‘The Detergents’ and that One Big Hit, Literally

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By Ken Zurski

Morton 7In early 1965, a three-member American band named The Detergents released a single titled “Leader of the Laundromat.”

The song told the story of a boy named Murray who was seemingly in love with a pretty laundromat attendant, Betty, because she “looked so sad.” Then he abruptly tells her it’s over between them.

I’ll never forget the hurt and the funny look in her eye.

Betty, the jilted ex-girlfriend, grabs Murray’s laundry, runs out the laundromat door, and “directly in the path of a garbage truck.”

Watch out, watch out! 

Those unfamiliar with a certain Shangri-La’s song “Leader of the Pack” might have been shocked out of their shoes.

But it was all in good fun.

I felt so messy standing there 
My daddy’s shorts were everywhere 
Tenderly I kissed her goodbye
Picked up my clothes, they were finally dry

The song was a parody, of course, but more specifically, it was a spoof.  Until then, parody songs had been about something funny and usually with an original melody like “Itsy Bitsy Tennie Weenie Yellow Polka Dot Bikini.” But the “Laundromat” song was different. It took the actual melody of a recent hit and twisted it. Basically, it spoofed an already established and popular tune.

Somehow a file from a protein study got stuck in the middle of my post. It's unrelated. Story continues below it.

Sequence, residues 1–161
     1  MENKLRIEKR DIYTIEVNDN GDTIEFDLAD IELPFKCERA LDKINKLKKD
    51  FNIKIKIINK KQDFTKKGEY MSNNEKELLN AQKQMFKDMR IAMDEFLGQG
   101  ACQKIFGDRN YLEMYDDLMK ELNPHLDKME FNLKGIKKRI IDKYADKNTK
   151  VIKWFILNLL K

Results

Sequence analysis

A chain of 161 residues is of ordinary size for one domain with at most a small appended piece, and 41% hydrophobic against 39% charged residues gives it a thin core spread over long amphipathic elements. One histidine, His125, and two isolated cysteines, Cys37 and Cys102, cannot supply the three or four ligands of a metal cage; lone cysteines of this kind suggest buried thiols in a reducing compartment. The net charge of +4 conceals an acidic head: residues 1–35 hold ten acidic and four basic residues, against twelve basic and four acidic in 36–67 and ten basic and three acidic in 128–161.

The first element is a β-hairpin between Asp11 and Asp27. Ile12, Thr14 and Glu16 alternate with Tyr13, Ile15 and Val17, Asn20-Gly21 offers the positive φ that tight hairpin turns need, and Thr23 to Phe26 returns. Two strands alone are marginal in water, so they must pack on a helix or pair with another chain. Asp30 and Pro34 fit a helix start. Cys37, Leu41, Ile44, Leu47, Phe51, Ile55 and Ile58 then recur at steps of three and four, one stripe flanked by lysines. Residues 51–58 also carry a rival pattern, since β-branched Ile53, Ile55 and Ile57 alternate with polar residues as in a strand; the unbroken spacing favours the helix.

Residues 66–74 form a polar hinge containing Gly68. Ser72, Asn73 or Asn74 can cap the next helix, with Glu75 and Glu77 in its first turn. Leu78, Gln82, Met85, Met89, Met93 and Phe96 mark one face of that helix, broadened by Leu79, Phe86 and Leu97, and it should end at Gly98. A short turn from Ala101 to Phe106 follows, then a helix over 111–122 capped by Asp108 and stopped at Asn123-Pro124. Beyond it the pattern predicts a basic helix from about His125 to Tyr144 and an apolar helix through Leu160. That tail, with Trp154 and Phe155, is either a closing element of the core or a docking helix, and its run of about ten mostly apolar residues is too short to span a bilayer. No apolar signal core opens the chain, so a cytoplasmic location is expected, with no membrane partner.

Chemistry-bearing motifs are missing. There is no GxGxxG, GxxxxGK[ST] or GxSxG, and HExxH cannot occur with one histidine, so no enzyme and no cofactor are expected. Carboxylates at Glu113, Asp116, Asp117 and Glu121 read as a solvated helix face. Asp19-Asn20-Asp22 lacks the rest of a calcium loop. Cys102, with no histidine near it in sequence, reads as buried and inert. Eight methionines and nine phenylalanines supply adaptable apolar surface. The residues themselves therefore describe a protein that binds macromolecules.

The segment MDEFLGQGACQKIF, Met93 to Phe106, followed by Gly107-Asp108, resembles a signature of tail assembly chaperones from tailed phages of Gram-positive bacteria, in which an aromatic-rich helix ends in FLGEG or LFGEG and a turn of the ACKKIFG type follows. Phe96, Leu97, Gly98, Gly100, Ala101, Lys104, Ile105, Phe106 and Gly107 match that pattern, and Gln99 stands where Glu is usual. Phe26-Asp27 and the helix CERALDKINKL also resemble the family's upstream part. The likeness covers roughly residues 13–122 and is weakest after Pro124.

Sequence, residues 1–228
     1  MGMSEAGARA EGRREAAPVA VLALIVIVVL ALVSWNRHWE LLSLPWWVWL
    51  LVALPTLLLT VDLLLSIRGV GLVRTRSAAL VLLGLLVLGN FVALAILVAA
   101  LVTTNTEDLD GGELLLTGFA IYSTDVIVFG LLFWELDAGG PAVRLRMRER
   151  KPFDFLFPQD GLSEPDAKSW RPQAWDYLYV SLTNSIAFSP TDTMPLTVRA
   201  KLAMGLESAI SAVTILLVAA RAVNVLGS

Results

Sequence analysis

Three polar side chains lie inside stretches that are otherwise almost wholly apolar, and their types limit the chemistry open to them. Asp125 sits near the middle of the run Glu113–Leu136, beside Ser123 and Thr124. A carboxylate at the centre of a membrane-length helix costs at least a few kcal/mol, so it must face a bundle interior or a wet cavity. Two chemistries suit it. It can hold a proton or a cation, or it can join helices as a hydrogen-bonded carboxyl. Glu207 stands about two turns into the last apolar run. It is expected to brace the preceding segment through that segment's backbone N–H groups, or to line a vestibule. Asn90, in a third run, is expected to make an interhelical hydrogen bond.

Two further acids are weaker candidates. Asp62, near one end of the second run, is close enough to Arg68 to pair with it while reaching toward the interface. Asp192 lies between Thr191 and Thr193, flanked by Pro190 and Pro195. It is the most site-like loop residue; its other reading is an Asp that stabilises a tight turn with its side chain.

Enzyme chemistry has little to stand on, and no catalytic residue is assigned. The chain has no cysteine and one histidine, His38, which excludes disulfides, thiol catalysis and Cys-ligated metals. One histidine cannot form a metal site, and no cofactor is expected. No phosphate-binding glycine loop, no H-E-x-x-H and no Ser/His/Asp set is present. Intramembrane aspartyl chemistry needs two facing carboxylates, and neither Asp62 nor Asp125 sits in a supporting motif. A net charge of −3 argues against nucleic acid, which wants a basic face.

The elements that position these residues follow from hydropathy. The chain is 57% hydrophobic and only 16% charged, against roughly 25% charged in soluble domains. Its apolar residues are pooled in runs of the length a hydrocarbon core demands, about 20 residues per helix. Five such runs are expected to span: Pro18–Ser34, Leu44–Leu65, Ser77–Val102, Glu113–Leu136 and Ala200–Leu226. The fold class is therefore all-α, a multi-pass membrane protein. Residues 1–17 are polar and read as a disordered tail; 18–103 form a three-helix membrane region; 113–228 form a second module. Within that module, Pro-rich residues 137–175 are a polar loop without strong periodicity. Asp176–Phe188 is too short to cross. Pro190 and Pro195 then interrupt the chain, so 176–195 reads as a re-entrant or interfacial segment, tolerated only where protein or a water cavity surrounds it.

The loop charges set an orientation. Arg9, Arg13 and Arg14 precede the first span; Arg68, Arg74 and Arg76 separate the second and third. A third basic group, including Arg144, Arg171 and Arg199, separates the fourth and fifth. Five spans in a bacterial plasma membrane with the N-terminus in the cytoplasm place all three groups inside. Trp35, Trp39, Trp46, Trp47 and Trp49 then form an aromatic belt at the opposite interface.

But I won’t forget you, oh Leader Of the Laundromat

That didn’t sit so well with the writers of the original song. When the “Leader of the Laundromat,” reached #19 on the Billboard singles chart, the songwriting team behind “Leader of the Pack” sued The Detergents for copyright infringement and royalties and settled out of court.

Despite the legal wrangling, however, band members Ron Dante, Danny Jordan and Tommy Wynn, toured together as The Detergents for about two years before disbanding.

Dante went on to sing lead vocals for the novelty group The Archies and the hit single “Sugar, Sugar,” a contribution that was unacknowledged at the time thanks to the group’s association with the comic strip characters.

The Detergents short legacy includes an album of spoofs, a film like the Beatles, and some subsequent singles, like “Double-O-Seven” (A James Bond mockery) and “I Can Never Eat at Home Anymore” (inspired by another Shangri-Las hit “I Can Never Go Home Anymore”), but nothing stuck quite like the “Laundromat” song:

My folks were always putting her down (down, down)
Because her laundry came back brown (brown, brown)

 

 

 

(Lyrics reprinted from Google Play Music)

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